• An inability to explain their own behaviors,
• Difficulty interpreting emotions,
• Challenges determining the behavior or emotions of others,
• Misunderstanding the perceptions of others,
• Challenges with interpreting the intentions of others,
• A misunderstanding of how behaviors impact how other individuals think or feel,
• Conflicts regarding joint attention and other social niceties, and
• Challenges with differentiating fiction from fact.
Moreover, individuals with Asperger Syndrome possess a level of maturity significantly below what is expected for their chronological age, and adolescents with Asperger Syndrome often possessed the maturity of someone two-thirds their age (Myles & Adreon, 2001, p. 8). Attwood (2003) noted that impairment of the brain's frontal lobes, which handle social reasoning, make it difficult for those with the disorder to understand social cues tied to human interaction (p. 88). Despite causes or symptoms, it is important to possess some understanding of these disorders, potential reasons for why they may occur, and behavioral characteristics attributed to the disorders. Other types of autism disorders possess varying and similar characteristics that impact individuals in multiple ways.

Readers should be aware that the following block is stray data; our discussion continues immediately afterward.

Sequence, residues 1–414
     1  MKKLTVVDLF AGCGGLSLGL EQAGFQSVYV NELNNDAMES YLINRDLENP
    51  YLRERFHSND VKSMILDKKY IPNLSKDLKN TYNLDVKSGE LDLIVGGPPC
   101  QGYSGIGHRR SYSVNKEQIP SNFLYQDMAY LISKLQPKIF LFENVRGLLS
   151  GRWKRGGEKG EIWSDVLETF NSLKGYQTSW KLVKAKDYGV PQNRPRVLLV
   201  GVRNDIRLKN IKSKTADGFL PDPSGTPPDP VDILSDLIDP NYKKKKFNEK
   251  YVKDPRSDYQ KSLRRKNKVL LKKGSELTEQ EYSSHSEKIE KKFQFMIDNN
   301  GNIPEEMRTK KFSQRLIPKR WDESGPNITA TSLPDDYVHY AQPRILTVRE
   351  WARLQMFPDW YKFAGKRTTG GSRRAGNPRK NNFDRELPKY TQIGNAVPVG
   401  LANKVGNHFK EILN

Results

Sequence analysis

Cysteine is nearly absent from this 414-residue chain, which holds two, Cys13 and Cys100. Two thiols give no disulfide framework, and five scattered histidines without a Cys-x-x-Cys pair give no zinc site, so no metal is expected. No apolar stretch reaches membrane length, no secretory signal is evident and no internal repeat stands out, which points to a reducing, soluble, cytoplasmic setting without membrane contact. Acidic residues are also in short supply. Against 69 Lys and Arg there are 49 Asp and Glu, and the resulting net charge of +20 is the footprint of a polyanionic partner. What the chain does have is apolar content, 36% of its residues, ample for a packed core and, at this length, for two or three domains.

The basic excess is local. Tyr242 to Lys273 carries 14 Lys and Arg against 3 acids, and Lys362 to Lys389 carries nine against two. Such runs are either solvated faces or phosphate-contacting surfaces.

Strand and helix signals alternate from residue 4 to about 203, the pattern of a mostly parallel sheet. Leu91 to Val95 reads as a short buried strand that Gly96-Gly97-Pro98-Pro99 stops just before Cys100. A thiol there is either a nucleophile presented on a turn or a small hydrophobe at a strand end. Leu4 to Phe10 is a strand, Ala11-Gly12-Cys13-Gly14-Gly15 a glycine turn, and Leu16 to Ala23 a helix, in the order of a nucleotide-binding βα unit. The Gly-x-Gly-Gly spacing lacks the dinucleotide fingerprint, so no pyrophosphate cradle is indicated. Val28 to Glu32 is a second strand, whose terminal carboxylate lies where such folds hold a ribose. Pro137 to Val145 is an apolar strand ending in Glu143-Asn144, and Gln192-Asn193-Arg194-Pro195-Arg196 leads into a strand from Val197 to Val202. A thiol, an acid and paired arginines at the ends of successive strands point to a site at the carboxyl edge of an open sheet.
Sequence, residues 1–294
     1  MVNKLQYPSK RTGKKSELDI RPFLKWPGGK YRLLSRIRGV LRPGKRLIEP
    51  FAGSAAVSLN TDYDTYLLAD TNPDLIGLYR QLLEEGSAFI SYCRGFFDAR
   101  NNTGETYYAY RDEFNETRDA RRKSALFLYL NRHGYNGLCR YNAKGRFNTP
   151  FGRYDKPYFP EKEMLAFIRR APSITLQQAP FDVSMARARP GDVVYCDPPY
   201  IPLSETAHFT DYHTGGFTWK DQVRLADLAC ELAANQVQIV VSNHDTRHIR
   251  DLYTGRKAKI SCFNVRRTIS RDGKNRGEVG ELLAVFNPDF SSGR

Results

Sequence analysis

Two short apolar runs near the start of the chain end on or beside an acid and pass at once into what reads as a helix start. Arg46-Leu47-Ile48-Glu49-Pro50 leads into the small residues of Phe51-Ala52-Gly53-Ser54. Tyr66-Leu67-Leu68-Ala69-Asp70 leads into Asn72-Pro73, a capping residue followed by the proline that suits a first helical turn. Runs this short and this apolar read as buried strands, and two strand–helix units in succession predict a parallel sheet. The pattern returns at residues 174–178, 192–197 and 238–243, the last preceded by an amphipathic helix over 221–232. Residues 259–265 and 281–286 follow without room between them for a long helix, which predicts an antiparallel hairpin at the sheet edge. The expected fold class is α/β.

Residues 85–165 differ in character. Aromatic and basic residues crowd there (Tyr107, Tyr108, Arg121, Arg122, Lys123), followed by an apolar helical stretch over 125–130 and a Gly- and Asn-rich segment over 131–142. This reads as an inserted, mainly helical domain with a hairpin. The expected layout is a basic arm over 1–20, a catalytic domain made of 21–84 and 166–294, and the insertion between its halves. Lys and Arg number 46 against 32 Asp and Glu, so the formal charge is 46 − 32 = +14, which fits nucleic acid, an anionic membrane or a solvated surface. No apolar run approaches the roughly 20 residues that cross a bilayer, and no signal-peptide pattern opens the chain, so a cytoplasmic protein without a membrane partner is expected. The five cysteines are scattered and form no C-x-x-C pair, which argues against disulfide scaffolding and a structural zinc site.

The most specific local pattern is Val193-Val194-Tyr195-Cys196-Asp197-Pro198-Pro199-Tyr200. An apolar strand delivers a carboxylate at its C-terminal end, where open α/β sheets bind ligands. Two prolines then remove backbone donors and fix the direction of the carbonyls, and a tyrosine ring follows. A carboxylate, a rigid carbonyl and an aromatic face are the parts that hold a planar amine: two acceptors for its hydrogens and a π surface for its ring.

Students with Autism Disorders in School
Students with an autism diagnosis face an uncertain and many times daunting educational future. Several aspects of this experience are not only tied to the academic aspect of school but most often to the social aspect of the school environment. Autism disorders are categorized as socio-communicative disorders. School is a place dependent upon social communications between peers and adults. A recent study revealed that many of the difficulties that students face are tied to bullying and harassment by other students. Link (2007) reported on the experiences of mothers of children with autism disorders. One participant described a situation in which her son was harassed by other students and had been bullied for several years. She reported that her son "had been dealing with a lot of stuff" and "harassment and bullying" were pervasive "throughout the school system" (p. 96). She recalled complaining about the incidents to school officials and being told that the situation would be handled; after she found out that her son was still being bullied, the mother complained to administrators saying, "If you don't take care of it then we are going to take some other steps. My son should not have to feel afraid to go to school" (p. 96). Another participant indicated that other children did not understand her son's behavior. As a result, other kids made fun of him. A third mother indicated, "When another child teases my son, I want to take the names of those children, and I want to call their parents to make them stop their children from teasing him" (p. 96).
These specific statements made by parents of autistic children in public education settings reveal a need for all educational staff to be aware of the special problems encountered by children with autism in order to improve planning for ways to handle these situations....